Growth Stocks

Growth stocks are the glamor investments on Wall Street.

They are the reason all those talking heads on CNBC have jobs and what makes Jim Cramer ramble on as if he’s just chugged five Red Bulls. (Maybe he has.) Growth stocks often outpace the market, and the best ones can earn triple-digit returns in a short amount of time. So it’s no surprise they generate so much excitement and endless chatter.

Of course, there’s a caveat to investing in growth stocks. Unlike time-tested dividend growers or bargain-basement value plays, growth stocks carry plenty of risk. The companies are less mature, often are subject to greater potential competition, and typically don’t pay a dividend. Thus, the stocks can be very volatile, especially around earnings season.

For many investors, however, the risks of investing in growth stocks are worth the potential rewards. Apple (AAPL), Amazon.com (AMZN), Netflix (NFLX)—all of them started off as growth stocks before they became some of the market’s most coveted stocks. Those who got in early earned triple-digit, even quadruple-digit, returns.

There are several keys to finding the right growth stocks:

  • Invest in fast-growing companies. It’s a rather obvious prerequisite. But it’s important to know what fast-growing means. It means investing in fast-growing industries, where revolutionary ideas and services are being created. Any little-known stock that provides a product that is essential to that budding industry makes for a good growth stock. Rapid sales and earning growth is seen among most big winners before their stocks take off.
  • Buy stocks that are outperforming the market. Companies can promise all kinds of financial growth. But is that growth potential translating to a rising share price? The best investing tips come from the performance of the stocks themselves; a rising stock tells you the smart money is accumulating shares.
  • Use market timing. Never underestimate the power of the market to move stocks. You don’t want to invest in a growth stock just as the market is topping out, as three out of four growth stocks will follow the trend of the overall market. If you’re in a bull market, you can afford to be aggressive in buying stocks that are more speculative.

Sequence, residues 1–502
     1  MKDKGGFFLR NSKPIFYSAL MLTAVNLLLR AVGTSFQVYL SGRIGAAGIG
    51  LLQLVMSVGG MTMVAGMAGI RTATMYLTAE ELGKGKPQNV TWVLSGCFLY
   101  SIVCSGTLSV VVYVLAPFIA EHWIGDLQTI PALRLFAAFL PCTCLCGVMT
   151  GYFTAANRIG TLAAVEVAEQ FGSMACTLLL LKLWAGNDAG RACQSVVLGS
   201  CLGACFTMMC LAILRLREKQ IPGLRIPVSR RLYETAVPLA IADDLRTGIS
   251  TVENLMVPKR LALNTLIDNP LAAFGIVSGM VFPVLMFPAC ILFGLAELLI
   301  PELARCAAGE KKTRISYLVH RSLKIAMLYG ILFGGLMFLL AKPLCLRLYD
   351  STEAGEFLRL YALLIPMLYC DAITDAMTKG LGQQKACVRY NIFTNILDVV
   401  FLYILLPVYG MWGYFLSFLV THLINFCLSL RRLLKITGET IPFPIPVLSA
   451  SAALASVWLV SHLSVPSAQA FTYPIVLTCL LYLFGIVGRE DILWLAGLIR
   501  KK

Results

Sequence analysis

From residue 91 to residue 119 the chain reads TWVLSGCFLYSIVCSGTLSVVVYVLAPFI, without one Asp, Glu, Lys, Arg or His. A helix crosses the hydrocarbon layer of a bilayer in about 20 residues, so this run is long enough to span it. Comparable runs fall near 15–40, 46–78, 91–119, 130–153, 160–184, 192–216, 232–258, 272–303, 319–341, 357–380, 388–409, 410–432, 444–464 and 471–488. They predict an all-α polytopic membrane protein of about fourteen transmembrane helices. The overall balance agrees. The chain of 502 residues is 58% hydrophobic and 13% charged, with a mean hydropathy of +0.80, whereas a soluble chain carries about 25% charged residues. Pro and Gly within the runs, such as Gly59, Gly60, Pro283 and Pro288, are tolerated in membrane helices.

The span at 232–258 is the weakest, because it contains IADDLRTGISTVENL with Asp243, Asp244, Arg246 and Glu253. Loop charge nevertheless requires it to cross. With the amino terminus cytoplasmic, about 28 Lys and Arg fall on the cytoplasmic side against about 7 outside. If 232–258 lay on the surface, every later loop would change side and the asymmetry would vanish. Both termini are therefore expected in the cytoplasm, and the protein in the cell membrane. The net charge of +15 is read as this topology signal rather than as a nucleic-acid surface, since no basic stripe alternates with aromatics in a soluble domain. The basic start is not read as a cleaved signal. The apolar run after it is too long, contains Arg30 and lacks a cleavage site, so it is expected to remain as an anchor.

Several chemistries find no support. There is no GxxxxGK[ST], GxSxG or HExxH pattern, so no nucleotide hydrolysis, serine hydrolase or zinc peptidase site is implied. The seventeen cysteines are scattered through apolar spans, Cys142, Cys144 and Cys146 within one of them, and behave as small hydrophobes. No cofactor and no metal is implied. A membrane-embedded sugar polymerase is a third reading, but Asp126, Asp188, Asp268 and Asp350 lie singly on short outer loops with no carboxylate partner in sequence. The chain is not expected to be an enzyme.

• Be patient. Not every growth stock will advance exactly when you want it to. Very few will, in fact. Even Apple had plenty of fits and starts on its way to becoming the most valuable company in the U.S. In the investment world, time is your friend. If you get out of a stock too early, you may miss out on some big gains months down the road.

Growth stocks were the basis upon which Cabot Investing Advice was founded in 1970. Our founder, Carlton Lutts Jr., gave up a career in engineering to pursue his passion for stock selection and market timing.

Nearly half a century later, we offer much more than growth investing advisories. But growth stocks—and helping individual investors earn big profits from them—are still at the heart of what we do via our flagship newsletter, Cabot Growth Investor.

Investing in growth stocks can be tricky. Finding a hidden gem that has yet to be fully discovered by the market is exciting, but requires lots of discipline to handle it correctly. Look for up-trending earnings growth, improving profit margins, and booming industries. If done right, investing in growth stocks can be both highly satisfying and highly profitable.

And if all else fails … we’re here to help!

Featured Stock Picks

Each write-up features commentary on the picks from one or more of our expert stock market analysts, as well as company details and a stock chart.


Eggs or Tennis Balls?